Overhead and Profit cases and discussions are one of the hottest topics in property insurance law. The insurance companies are in a race with each other to push to the limit policy language which reduces traditionally paid benefits and delays payments to their customers. A case last week by the Pennsylvania Supreme Court allows “open season” on Pennsylvania policyholders.1
I thought of a few other titles which would be just as appropriate for this post:
- Farmers Sells Bad and Inferior Homeowners Insurance in Pennsylvania—Don’t Get Scammed Into Talking to A Farmers Insurance Agent
- Are Pennsylvania Insurance Regulators in the Pocket of The insurance Industry?
- A Standard All Risk Insurance Policy Is Needed For The Same Reasons A Standard Fire Insurance Policy Was Required Over 100 Years Ago—To Make The Cheating Insurance Companies Pay!
The holding of the case allows Farmers Insurance, pursuant to its policy terms, not to pay general contractor overhead and profit until the policyholder first pays it. Since there is not any Pennsylvania regulation or statutory law which prevents this—and the Pennsylvania insurance regulators did not stop it from being approved—the court said the terms of the contract apply. The cheap Farmers Insurance wins and the insurance customers lose.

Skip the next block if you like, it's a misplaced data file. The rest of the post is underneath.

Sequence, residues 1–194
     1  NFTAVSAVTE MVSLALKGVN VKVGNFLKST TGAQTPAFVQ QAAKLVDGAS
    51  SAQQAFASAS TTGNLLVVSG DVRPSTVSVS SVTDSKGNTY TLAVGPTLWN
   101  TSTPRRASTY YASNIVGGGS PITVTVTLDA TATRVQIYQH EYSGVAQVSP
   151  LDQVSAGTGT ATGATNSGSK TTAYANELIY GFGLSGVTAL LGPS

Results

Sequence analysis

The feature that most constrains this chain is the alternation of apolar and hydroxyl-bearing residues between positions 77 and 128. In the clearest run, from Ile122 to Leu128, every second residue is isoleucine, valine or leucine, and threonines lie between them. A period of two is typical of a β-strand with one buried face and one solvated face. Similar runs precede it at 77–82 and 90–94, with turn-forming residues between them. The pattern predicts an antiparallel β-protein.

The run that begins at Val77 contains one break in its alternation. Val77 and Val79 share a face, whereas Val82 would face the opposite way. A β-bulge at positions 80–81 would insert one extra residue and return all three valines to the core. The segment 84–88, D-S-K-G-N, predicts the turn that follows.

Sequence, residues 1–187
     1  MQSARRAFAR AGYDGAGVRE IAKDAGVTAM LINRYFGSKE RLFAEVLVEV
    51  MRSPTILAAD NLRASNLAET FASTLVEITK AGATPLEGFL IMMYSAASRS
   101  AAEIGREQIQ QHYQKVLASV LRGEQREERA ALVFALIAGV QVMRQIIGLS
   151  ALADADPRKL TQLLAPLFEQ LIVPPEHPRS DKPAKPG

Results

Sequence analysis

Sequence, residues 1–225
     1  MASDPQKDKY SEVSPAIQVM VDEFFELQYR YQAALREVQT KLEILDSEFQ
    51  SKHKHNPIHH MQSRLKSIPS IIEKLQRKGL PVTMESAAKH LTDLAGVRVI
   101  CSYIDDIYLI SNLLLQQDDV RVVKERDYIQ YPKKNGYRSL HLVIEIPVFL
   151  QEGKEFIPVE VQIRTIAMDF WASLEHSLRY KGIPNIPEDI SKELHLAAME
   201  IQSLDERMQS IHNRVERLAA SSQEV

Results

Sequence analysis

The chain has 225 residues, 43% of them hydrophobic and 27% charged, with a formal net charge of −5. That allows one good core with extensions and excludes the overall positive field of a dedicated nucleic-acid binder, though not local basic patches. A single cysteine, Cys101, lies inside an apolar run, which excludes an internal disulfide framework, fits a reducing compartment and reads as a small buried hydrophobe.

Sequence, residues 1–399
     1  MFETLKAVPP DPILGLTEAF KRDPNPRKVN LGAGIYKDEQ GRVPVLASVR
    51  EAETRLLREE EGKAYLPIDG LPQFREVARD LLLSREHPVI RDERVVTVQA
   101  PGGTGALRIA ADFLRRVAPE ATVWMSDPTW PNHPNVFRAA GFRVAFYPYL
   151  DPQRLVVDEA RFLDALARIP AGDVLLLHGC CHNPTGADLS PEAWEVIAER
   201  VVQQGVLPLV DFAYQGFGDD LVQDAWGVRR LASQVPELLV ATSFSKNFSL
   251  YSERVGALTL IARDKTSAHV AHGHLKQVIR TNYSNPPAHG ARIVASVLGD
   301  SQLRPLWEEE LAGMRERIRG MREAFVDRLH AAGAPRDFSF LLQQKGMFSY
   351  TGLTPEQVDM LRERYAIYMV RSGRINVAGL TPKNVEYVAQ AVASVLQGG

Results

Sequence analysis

The rest of the insurance industry does not a pass on this either. Insurance companies belong to organizations which filed amici briefs supporting Farmers against their own customer. Indeed, the worst example of this is mutual insurance companies who filed briefs against the customers that are their own members and theoretical owners.
Where are the insurance industry CPCU’s speaking out against this? Where is the discussion by insurance coverage leaders talking about this change? Why don’t regulators regulate?
The biggest question is whether we need states to mandate a standard all risk aka open peril insurance policy for the same reasons we had a standard minimum fire policy.
Thought For The Day
Sometimes I think the playing field is certainly not even. You know, it’s just not.
1 Kurach v. Truck Ins. Exchange, No. 12 EAP 2019, 2020 WL 4760092 (Penn. Aug. 18, 2020).